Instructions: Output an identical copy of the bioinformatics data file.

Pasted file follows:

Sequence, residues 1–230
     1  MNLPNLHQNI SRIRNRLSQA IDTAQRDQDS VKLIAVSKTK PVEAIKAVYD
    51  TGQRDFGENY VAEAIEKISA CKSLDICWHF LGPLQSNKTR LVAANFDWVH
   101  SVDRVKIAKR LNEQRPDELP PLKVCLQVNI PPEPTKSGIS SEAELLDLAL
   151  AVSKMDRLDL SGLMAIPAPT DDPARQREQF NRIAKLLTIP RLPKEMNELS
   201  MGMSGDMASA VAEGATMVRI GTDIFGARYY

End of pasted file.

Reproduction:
Sequence, residues 1–230
     1  MNLPNLHQNI SRIRNRLSQA IDTAQRDQDS VKLIAVSKTK PVEAIKAVYD
    51  TGQRDFGENY VAEAIEKISA CKSLDICWHF LGPLQSNKTR LVAANFDWVH
   101  SVDRVKIAKR LNEQRPDELP PLKVCLQVNI PPEPTKSGIS SEAELLDLAL
   151  AVSKMDRLDL SGLMAIPAPT DDPARQREQF NRIAKLLTIP RLPKEMNELS
   201  MGMSGDMASA VAEGATMVRI GTDIFGARYY